Moments later, when Spencer regains consciousness, he holds his head, sporting a right black eye. Frances tells him that tomorrow, on Boxing Day, Harrods is having a sale. It starts at 10 o’clock sharp. He is buying her an engagement ring by noon, or she’s knocking him out for good. He says he was planning on doing just that. She will not take off the boxing gloves until he puts a ring on her left hand and tells him to serve himself breakfast. When she arrives in Christmas World the next morning, she takes a seat next to Santa Claus’ house, waiting for Spencer. As noon arrives, Spencer has still not arrived, and she starts to cry, causing the Harrods shoppers to stop with tissues. 

Then, a handsome gentleman with a handkerchief tells her not to cry because it’s Boxing Day, and everything is on sale. Aware of the holiday, she shows the man her gloves. The man, who introduces himself as Harry Williams, asks if he can take her to lunch up on the second floor at The Tea Room. In fact, the gentleman, who works in publishing, has read her novels. Harry helps Frances take off the boxing gloves and leaves them in Christmas World for Santa. Months later, when Spencer appears in shame at Frances’ flat to propose, Harry quickly gets his own pair of boxing gloves and sends him away once and for all. By summertime, Harry proposes on one knee, and Frances marries Harry on Christmas Eve in St. Paul’s Cathedral. Spencer only hears about the wedding, and by this point has several black eyes from other women that he never married. Happier than ever, Frances never puts on boxing gloves again, she only makes sure to catch the good sales with Harry on Boxing Day—the most brilliant shopping holiday.

Copyright 2022 Jennifer Waters


A little Dutch girl from Holland and seven musical elves from the North Pole defeat a wicked witch with the help of Sinterklaas at Christmas. 

Reminiscent of Snow White and the Seven Dwarfs, The Mistletoes are Joyful, Cheerful, Merry, Peaceful, Carol, Nightfall, and Claus, who come bearing gifts for Sinterklaas in Holland. The magical Mistletoes live with the aunt of a twelve-year-old Dutch girl named Daniëlle Kappel, whose witch of a stepmother tries to kill her and her father until Sinterklaas and his elves help the heroine save herself and find true love. 

A twelve-year-old Dutch girl named Daniëlle Kappel lives in a castle on the Holland coast with the windmills. She places her wooden shoes next to the fireplace for Sinterklaas, kissing her father on the cheek. She also sits her large Christmas bouquet of mistletoe from her friend Niels on the fireplace mantle. Flipping open her father’s pocket watch and looking at the late hour, she hopes to receive many gifts for Christmas. After all, her father is a very rich merchant who sends ships all over the world and trades rare goods in foreign lands. When she was young, she and her mother would spend hours in the fields by the ocean, frolicking by the windmills. Her mother’s sister lives in a cottage on the coast with seven musical elves from the blistering cold North Pole. Very few people know that the elves, also called the Mistletoes, live with her aunt, who hides them in her attic. Sinterklaas asks them to live in Holland instead of the North Pole, so they can deliver gifts for him at Christmas. Of course, the Mistletoes pretend to be humans, but they have magical powers in song that they use for good deeds. Their names are Joyful, Cheerful, Merry, Peaceful, Carol, Nightfall, and Claus.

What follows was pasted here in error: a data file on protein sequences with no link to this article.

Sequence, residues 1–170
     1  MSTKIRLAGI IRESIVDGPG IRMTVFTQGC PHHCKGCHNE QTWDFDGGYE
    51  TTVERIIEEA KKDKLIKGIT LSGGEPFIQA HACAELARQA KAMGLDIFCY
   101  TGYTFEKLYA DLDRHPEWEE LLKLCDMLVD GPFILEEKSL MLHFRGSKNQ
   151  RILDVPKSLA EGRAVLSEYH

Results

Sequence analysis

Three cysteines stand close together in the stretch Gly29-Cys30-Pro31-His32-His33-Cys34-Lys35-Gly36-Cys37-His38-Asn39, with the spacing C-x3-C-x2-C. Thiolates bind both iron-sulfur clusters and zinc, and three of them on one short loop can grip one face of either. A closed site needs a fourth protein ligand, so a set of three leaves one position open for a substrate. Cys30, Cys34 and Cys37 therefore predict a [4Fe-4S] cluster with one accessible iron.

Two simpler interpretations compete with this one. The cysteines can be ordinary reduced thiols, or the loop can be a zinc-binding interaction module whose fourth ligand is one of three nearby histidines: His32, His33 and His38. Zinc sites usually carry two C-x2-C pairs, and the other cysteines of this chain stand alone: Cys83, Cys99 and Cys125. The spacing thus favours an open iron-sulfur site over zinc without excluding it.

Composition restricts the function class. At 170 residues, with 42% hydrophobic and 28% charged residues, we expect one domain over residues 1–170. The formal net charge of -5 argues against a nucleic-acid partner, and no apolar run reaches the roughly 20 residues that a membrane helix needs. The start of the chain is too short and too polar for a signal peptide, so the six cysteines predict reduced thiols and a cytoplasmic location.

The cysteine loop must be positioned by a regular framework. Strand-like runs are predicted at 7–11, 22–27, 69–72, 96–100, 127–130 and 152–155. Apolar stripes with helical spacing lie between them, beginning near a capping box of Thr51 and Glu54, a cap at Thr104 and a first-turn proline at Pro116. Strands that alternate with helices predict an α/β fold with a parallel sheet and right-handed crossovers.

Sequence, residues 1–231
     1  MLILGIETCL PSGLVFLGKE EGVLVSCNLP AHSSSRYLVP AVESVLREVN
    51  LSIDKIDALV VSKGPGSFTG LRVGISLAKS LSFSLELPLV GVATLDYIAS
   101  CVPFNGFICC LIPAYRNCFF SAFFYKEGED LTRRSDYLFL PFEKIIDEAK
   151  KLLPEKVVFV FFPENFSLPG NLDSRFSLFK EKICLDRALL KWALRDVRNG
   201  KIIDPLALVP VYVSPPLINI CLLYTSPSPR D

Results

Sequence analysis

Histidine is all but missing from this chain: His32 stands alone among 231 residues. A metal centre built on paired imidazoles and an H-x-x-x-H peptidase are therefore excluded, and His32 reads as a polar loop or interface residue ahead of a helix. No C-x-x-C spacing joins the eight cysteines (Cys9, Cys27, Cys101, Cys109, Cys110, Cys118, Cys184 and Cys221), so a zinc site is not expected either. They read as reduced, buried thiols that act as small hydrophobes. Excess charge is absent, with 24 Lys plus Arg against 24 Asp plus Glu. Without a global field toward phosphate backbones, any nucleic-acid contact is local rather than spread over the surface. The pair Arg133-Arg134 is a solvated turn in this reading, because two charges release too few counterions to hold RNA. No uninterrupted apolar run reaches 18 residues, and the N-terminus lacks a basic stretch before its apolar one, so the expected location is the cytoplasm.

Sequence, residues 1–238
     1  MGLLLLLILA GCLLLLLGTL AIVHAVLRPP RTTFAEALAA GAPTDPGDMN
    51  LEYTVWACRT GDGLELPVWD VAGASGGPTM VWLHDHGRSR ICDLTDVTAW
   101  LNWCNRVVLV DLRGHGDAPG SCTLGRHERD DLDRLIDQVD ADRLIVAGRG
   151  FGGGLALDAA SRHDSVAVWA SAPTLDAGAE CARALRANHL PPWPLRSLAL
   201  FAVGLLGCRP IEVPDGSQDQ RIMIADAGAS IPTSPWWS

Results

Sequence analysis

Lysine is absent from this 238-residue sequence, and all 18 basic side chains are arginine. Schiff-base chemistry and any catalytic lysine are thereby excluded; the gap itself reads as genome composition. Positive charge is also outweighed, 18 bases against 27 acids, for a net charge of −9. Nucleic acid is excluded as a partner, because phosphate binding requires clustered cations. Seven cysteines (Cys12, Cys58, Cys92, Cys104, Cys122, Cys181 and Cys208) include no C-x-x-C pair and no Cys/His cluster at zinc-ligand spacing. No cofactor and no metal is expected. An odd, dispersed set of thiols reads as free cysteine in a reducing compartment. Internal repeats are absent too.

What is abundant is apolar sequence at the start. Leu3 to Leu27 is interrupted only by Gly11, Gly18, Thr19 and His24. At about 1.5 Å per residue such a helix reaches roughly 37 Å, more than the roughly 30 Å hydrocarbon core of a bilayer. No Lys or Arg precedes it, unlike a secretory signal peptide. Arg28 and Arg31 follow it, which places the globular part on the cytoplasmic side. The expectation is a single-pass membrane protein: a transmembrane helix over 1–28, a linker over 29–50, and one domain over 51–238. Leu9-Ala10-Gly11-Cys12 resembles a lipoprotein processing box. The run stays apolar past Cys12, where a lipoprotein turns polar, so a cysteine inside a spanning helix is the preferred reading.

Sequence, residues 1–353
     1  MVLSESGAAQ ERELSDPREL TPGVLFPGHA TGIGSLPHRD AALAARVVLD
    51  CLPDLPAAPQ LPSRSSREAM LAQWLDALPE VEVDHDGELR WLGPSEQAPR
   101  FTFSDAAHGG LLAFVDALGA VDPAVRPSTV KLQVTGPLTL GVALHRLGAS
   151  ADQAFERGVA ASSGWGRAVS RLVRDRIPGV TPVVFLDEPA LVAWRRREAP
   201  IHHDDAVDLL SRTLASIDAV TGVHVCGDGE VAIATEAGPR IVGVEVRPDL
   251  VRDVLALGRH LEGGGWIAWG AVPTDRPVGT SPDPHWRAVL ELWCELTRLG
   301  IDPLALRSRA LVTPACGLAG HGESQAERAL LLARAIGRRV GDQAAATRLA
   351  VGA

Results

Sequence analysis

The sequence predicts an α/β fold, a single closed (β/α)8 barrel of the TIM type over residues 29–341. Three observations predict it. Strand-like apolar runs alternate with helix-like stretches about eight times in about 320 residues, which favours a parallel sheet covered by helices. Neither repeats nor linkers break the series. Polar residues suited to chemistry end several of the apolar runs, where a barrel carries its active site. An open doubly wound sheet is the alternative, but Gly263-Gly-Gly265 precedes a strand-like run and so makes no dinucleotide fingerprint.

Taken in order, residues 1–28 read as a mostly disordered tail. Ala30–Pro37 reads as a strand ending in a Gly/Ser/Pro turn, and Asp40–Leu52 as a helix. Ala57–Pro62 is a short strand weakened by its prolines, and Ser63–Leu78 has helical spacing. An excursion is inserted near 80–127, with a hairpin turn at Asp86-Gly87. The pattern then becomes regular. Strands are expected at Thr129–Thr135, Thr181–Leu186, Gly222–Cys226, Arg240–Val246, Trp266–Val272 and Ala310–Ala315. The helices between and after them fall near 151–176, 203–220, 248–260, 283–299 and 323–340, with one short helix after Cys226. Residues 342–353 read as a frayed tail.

This Christmas, the Mistletoes explain to Daniëlle that they found her aunt dead. Apparently, her aunt could never find the words to tell Daniëlle, but her stepmother is a witch and killed not only her mother, but now her aunt. At once, the Christmas Dutch Girl and the seven musical elves set out to save Daniëlle’s father from the witchy stepmother. Daniëlle must get to her father before the hands on his pocket watch stop, or the witch will have killed him. 

When Daniëlle and the elves reach her father’s home, Daniëlle bursts through the castle with the Mistletoes who sing in full voice. The witch—who grew as big as the ceiling—holds a large knife at Daniëlle’s father’s throat, as the Mistletoes sing in harmony, shrinking the witch back to normal size. Before the witch can regain her large stature, Sinterklaas lands in the front yard with Rudolph and his sleigh of reindeer. Daniëlle wrestles with the witch until she drops the knife on the kitchen floor. Her father stabs the witch in the heart until she dies. As the years go by, Sinterklaas brings both Daniëlle and Meneer Kappel true love. Dead as a doornail, the wicked witch never bothers anyone in Holland again, and Christmas lives on in peace.

Copyright 2022 Jennifer Waters